Sand Point Marsh Trail

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The Sand Point Marsh Trail is a 1/2-mile barrier-free boardwalk that provides visitors access through a scenic wetland area at Pictured Rocks National Lakeshore. This trail is merely the tip of the iceberg. There is a tremendous variety of visually spectacular natural resources to be enjoyed at this large, beautiful National Park Service area. The park encompasses 42 miles of jagged sandstone cliffs, sandy beaches and sand dunes, plus inland lakes, waterfalls, and the Lake Superior forest from Munising to Grand Marais. Because of its location within the transition zone between the boreal and eastern deciduous forest biomes, the lakeshore contains plants and animals found in both forest types. Hardwood forests are prevalent, but conifers dominate some sites. Wetlands are common throughout the lakeshore. Many wildlife species live permanently or seasonally within the lakeshore. The cold maritime climate along the shore of Lake Superior greatly influences physical conditions and hence the biotic communities.

Wildlife Viewing

The unique and ancient ridge and swale topography of Sand Point creates a variety of wet and dry habitats at the Marsh Trail. Conifers dominate the drier ridges, while low swales support wetland vegetation. Beavers are active in the wetland of the Sand Point Marsh Trail. These aquatic mammals are mostly active at night, but you may see them at dawn and dusk, and evidence of their presence is all around. Waterfowl, herons, wetland-related and edge habitat songbirds all may be seen in and around this marsh area. Numerous spring migrants pass through and nest here, including the common yellowthroat, black-and-white warbler, American redstart, yellow-rumped warbler, plus many more. The trail is even useable in the winter by snowshoe, when you might see tracks of the pine marten, coyote, snowshoe hare, red fox, and other winter-active mammals. Sixteen interpretive exhibits relate the natural and cultural history along the trail. A large-print trail guide is available for the visually impaired. Be sure to stop at the visitor center in Munising to pick up trail maps, interpretive brochures, and additional information about the excellent wildlife watching opportunities available throughout this 73,000+ acre park.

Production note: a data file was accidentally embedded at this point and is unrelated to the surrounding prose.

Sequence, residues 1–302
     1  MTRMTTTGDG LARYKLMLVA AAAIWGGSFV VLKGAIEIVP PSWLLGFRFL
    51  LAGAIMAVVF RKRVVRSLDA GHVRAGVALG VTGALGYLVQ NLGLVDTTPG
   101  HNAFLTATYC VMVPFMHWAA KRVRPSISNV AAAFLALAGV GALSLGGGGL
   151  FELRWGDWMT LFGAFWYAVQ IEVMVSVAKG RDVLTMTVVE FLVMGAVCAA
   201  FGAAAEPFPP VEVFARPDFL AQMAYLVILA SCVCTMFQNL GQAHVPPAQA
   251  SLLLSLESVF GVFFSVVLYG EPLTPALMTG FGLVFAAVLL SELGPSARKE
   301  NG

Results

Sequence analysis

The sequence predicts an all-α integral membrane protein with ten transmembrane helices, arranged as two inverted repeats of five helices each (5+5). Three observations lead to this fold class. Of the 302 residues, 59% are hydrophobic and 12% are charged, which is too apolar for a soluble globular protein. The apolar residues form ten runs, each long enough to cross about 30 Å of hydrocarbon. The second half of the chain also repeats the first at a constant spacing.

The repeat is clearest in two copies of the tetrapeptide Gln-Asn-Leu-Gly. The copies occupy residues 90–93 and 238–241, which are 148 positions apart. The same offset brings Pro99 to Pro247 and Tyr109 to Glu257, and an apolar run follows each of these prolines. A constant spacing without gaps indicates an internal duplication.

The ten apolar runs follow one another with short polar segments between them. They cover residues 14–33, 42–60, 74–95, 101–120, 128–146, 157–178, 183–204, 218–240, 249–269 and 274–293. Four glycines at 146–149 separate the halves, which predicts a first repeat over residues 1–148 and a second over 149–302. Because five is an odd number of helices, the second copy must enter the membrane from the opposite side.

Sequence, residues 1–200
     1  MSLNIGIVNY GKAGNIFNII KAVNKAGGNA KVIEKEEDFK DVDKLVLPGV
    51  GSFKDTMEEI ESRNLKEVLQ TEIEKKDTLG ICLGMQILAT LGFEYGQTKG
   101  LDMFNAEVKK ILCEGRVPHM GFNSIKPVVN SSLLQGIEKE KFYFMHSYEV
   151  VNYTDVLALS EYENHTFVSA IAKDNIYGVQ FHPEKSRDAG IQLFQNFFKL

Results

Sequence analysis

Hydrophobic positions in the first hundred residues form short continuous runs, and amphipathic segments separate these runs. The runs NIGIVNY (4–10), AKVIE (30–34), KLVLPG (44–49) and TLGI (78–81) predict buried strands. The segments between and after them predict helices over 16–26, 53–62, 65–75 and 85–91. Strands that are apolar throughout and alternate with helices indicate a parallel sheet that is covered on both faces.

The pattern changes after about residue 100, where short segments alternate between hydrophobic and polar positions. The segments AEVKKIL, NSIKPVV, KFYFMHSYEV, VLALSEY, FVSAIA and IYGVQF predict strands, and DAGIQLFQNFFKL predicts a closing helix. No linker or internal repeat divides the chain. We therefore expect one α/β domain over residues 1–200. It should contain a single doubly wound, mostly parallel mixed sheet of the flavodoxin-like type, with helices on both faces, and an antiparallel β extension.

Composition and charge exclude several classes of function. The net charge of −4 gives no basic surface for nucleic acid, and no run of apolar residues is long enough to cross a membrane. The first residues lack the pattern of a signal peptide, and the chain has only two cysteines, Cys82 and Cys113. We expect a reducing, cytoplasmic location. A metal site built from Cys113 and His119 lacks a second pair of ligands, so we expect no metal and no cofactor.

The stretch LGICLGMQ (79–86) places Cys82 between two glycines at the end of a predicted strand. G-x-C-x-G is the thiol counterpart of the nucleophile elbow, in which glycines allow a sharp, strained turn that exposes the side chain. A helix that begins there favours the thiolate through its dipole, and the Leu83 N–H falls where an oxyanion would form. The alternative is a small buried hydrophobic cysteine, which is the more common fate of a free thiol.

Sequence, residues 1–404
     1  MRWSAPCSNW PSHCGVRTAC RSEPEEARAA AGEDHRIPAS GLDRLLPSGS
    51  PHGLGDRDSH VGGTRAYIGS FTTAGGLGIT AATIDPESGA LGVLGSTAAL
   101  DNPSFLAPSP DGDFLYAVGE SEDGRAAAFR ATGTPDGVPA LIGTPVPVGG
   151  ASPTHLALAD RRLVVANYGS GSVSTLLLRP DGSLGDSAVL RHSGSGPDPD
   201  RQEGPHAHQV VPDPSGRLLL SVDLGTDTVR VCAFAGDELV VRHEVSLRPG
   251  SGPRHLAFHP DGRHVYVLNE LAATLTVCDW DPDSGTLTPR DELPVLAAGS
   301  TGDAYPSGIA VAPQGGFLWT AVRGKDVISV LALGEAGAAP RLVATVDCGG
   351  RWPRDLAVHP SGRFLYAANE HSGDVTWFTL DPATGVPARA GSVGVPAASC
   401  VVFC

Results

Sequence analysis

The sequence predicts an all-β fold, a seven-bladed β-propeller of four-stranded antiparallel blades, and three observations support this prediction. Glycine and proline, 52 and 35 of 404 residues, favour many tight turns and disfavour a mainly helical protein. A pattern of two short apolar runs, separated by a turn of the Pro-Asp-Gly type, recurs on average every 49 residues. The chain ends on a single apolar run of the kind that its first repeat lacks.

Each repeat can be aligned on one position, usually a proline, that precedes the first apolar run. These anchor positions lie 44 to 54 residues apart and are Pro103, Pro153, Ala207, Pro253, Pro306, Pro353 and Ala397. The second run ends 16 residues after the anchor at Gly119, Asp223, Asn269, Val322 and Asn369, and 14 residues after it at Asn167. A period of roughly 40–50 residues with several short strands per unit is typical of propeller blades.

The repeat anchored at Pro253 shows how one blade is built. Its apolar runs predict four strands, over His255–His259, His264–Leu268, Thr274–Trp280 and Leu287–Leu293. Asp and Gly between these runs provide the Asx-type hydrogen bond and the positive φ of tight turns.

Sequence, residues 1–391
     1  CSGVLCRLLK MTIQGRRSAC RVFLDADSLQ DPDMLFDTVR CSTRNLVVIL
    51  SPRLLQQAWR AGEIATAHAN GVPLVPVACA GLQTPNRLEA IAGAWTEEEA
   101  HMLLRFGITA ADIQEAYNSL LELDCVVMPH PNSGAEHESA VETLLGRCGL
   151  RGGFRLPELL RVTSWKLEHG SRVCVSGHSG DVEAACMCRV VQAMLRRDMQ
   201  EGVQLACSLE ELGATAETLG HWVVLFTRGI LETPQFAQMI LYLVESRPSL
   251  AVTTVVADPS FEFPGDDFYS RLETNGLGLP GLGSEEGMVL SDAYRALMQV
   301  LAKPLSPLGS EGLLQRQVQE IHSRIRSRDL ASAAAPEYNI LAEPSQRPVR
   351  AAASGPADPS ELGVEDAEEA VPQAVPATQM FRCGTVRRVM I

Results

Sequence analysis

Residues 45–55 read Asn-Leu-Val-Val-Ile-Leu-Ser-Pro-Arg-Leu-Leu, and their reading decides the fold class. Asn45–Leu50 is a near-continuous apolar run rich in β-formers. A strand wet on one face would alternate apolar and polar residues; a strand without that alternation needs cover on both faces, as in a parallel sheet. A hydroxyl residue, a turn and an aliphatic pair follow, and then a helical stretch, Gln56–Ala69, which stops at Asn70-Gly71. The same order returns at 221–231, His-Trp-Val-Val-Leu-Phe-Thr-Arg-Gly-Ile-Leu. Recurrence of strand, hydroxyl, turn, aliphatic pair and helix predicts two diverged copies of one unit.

Please stay on the boardwalk trail. Do not disturb native plants or wildlife. Pets and bicycles are not permitted on the trail.

Directions

The visitor center is located at the intersection of M-28 and H-58 in Munising. To get to the Sand Point Marsh Trail, follow H-58 northeast from the visitor center to Washington Street. Turn north on Washington and proceed past the hospital, where the street name changes to Sand Point Road. Continue for 2 miles on Sand Point Road to the parking area adjacent to the Sand Point Beach.

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